Grass varieties are tested at
the Asian Turfgrass Center’s research facility near Bangkok.
Ever wondered why certain putts don’t behave the way you
expect? Why the pace of some greens appear fast, yet one hole later the pace
slows significantly? What is it about putting surfaces in the tropics
compared to the temperate climates of much of Europe, North America and
Australasia? And why do local caddies say “Lohm” (down) or “Khung” (up) when
there is no slope to be seen?
The answer is grass, or to be more exact, grain.
Grain refers to the direction grass grows, or more
precisely, the angle at which the blades of grass tend to lie. Grain can and
does have a huge impact on the speed of the putt, especially with the types
of Bermuda grass used in tropical climates. It will also influence
direction. Some courses are more “grain obvious” than others whereas courses
using thinner-bladed grasses on their putting surfaces have grain that is
less apparent to the naked eye – but is there nonetheless.
The direction of the setting sun, nearby mountains or
water is irrelevant. Over here, there is one simple way to read grain;
simply walk up to the hole you are playing and look in – it should tell you
all you need know. Look at the inside rim of the hole – the cut-line where
the edge meets the surface of the green. You will notice one-third of the
hole’s circumference is ragged. Directly opposite this point is smooth by
comparison. The ragged look is caused by the grass’s tendency to grow and
fray. If your ball is on the same side of the hole as this rough and ragged
portion, you are putting into the grain. If your ball is located opposite,
on the smooth-cut side, you are putting down-grain. The difference in
putting speed between down-grain (lohm – sounds like loom), and up-grain
(khung), is massive.
When putting cross-grain, expect the ball’s route to be
influenced by the direction of the grain, especially when your ball slows as
it approaches the hole.
Tell-tale signs around the hole at some courses may not
be as obvious as others. If you can’t tell by looking at the rim of the cup
– and I would be surprised – check the fringe – the grass on the edge of the
green. Sometimes this grass is sufficiently long where you can see the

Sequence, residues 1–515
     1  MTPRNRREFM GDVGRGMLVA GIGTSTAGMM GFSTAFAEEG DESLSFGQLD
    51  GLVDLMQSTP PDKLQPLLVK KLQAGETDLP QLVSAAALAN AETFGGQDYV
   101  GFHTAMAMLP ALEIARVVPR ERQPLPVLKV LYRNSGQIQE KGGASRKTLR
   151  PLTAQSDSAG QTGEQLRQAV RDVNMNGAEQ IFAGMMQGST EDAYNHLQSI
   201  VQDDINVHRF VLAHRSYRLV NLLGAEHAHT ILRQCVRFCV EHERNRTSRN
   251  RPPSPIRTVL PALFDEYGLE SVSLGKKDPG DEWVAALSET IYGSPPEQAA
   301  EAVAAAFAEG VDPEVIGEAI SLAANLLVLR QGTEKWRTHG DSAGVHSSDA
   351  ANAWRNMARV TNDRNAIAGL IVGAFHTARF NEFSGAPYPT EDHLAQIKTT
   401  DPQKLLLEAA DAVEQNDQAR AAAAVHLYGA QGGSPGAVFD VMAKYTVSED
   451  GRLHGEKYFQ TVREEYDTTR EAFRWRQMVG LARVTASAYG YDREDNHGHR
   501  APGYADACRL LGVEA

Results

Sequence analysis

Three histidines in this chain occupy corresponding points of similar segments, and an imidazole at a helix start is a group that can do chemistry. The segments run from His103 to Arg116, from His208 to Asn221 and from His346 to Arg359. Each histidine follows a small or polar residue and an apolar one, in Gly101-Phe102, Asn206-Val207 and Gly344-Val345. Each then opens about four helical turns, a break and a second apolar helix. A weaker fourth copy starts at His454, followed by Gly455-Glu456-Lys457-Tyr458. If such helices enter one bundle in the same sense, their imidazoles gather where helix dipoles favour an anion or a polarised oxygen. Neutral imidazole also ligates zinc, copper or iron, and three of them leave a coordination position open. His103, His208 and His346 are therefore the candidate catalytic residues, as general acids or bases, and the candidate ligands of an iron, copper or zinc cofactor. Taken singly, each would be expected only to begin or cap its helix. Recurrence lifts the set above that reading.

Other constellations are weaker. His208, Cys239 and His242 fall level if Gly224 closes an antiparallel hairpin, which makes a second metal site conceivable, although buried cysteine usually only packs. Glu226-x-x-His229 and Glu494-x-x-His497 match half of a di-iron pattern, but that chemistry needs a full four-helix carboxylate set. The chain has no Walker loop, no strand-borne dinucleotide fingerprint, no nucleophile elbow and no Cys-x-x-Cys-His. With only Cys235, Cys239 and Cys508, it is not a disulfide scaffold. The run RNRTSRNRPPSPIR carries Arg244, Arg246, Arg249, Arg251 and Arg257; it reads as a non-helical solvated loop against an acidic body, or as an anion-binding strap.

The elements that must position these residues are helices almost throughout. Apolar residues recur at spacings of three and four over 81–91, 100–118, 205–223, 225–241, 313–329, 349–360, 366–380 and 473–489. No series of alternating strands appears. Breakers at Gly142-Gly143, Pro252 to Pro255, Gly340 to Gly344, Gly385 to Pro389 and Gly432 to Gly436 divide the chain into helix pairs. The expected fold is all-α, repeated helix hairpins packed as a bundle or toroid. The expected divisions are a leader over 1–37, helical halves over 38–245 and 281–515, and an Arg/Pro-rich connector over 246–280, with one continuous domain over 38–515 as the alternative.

direction of the grain simply by looking at it. This method works best mid
to late afternoon, whereas the rim of the cup can tell all from early in the
How do you handle a downhill putt that is also
Many courses in Thailand will give you this very
challenge. The one thing you don’t want is to putt short as that is the
worst possible outcome. The speed of your putt should be determined by two
things – the length of your back-swing and where on the putter-face you hit
All putts, whether uphill, downhill or level, should be
hit with an accelerating putter-head. If faced with a particularly fast
putt, where you simply want to get the ball started on line, you can hit it
following a short back-swing, or instead of the sweet-spot, use the toe of
your putter. Whatever method is chosen, it is still a hit. Never use a
Now back to your 25-footer, downhill and down-grain; how
do you get this ball to stop? It’s possible that you can’t, so try not to
worry about it. Just ensure you do not leave it short by any distance
greater than 18 inches. Using the toe of your putter does have a dampening
effect, but practise it first. Personally, when faced with this type of
putt, where length dominates line, I focus solely on the feel of my right
hand giving the ball a gentle tap. Normally, my hands apply equal pressure
in my putting stroke, but not when putting downhill and down-grain. As with
putting generally, it is whatever works best for you. There is no right or
wrong way regarding grip, stance or swing, so long as the ball is struck
squarely with an accelerating putter-head.
Effective putting in Thailand is absolutely dependent on
reading greens correctly. A major part of this is to determine grain
direction and the effect it has on line and length, particularly length.
Achieve this and your total putts per round will drop.
How sure am I about all of this?
As any good caddie will tell you, “Ha sip, ha sip.”